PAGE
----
Despite the fact that that Air Force had the ability to exercise jurisdiction, “on 25 September 2012, Reserve Order (RO) CB-001669 was generated, by direction of the President, honorably discharging Appellant from the United States Air Force, effective 1 October 2012.” App. Br. at 4. But the RO was never mailed to Appellant because the administrative office “ran out of the card stock they used to print the DD Form 256 [a commemorative certificate -zds]” App. Br. at 4. Subsequently, on November 8, 2012 (after the effective date of discharge), an order was issued rescinding RO CB-001669 and Appellant was placed on administrative hold for trial.
Appellant moved to dismiss for lack of personal jurisdiction at trial, and he renewed that issue on appeal. The trial judge rejected Appellant’s argument and the CCA affirmed, reasoning:
We conclude, as did the military judge, there was never delivery of a valid discharge certificate. The appellant never actually received a valid discharge certificate, and the mere fact that ARPC prepared an order that purported to discharge the appellant does not change the fact that no certificate was ever delivered. Therefore, the appellant remained subject to court-martial jurisdiction.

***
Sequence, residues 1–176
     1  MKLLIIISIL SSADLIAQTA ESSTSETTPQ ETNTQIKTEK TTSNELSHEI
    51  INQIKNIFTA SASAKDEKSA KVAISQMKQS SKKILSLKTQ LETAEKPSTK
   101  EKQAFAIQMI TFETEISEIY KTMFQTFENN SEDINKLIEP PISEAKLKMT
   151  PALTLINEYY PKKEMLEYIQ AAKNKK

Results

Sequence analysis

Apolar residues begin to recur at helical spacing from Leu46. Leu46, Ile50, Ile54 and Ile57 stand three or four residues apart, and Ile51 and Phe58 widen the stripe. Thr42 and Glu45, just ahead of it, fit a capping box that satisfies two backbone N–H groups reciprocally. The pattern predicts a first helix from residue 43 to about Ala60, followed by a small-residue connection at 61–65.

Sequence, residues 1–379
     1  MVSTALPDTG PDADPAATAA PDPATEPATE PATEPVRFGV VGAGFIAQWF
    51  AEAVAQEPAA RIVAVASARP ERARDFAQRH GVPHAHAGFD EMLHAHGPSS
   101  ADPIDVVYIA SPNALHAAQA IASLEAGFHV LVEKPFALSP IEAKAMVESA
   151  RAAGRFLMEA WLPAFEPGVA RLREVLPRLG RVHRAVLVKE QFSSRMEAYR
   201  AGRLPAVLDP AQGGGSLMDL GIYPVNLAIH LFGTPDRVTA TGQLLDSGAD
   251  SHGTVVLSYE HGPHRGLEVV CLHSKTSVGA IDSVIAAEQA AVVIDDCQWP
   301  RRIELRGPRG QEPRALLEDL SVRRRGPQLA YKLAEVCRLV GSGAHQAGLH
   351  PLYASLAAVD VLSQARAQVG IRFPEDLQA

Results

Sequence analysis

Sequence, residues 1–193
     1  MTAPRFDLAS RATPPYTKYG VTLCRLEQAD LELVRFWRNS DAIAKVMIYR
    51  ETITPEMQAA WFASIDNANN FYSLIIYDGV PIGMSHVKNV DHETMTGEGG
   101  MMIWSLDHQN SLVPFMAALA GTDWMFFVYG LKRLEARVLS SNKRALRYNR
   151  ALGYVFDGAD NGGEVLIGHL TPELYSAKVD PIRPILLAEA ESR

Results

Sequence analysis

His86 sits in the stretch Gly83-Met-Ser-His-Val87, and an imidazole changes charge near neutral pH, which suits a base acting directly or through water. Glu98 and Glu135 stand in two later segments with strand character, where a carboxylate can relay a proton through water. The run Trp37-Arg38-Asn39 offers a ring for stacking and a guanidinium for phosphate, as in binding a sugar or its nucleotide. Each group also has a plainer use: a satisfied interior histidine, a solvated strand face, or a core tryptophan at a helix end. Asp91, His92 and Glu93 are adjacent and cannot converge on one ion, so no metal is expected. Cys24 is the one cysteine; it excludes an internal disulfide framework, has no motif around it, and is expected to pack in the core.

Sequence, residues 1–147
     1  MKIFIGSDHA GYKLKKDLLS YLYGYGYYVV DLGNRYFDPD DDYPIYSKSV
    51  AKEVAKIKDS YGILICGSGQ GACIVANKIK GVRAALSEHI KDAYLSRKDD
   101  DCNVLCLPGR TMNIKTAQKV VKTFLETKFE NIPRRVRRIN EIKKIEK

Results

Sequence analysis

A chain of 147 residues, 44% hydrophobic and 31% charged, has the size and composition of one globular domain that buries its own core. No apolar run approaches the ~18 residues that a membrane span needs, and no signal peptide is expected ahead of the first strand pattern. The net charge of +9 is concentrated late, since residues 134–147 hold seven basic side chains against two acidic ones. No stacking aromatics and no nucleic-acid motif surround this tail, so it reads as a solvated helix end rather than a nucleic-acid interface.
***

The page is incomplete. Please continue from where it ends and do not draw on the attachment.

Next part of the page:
United States v. Nettles, No 38336, slip op. at 5 (A.F. Ct. Crim. App. Apr. 21, 2014) (link to unpub. op.). CAAF then granted review.
Appellant’s brief makes a four-part argument for why CAAF should find personal jurisdiction lacking in this case:
First, a DD Form 256, unlike a DD Form 214, is not a “discharge certificate” as that term is understood under the law. Rather, it is a ceremonial certificate, suitable for framing, signifying an Honorable service characterization. . . . Second, delivery of a discharge certificate is not required to give effect to a discharge from the inactive ready reserves, for purposes of jurisdiction, because orders transferring a member to the inactive ready reserves are the equivalent of a discharge certificate. . . . Third, if this Court finds delivery of a DD Form 256 was required, the requirement is inapplicable to this case because RO CB-001669 was a self-executing order that became effective by operation of law on 1 October 2012, and, per RCM 202(1)(B)(i), action taken by the government to rescind RO CB-001669, after the fact, by publishing order RO CB-9, was untimely and unlawful, and as such, void. Fourth, if this Court finds delivery of a DD Form 256 was required, under the specific facts of this case, and in accordance with 10 U.S.C. § 1168(a), Appellant’s DD Form 256 was in fact “ready for delivery,” as required by statute, on 1 October 2012.
App. Br. at 5-6. The Government’s responses to these arguments are that: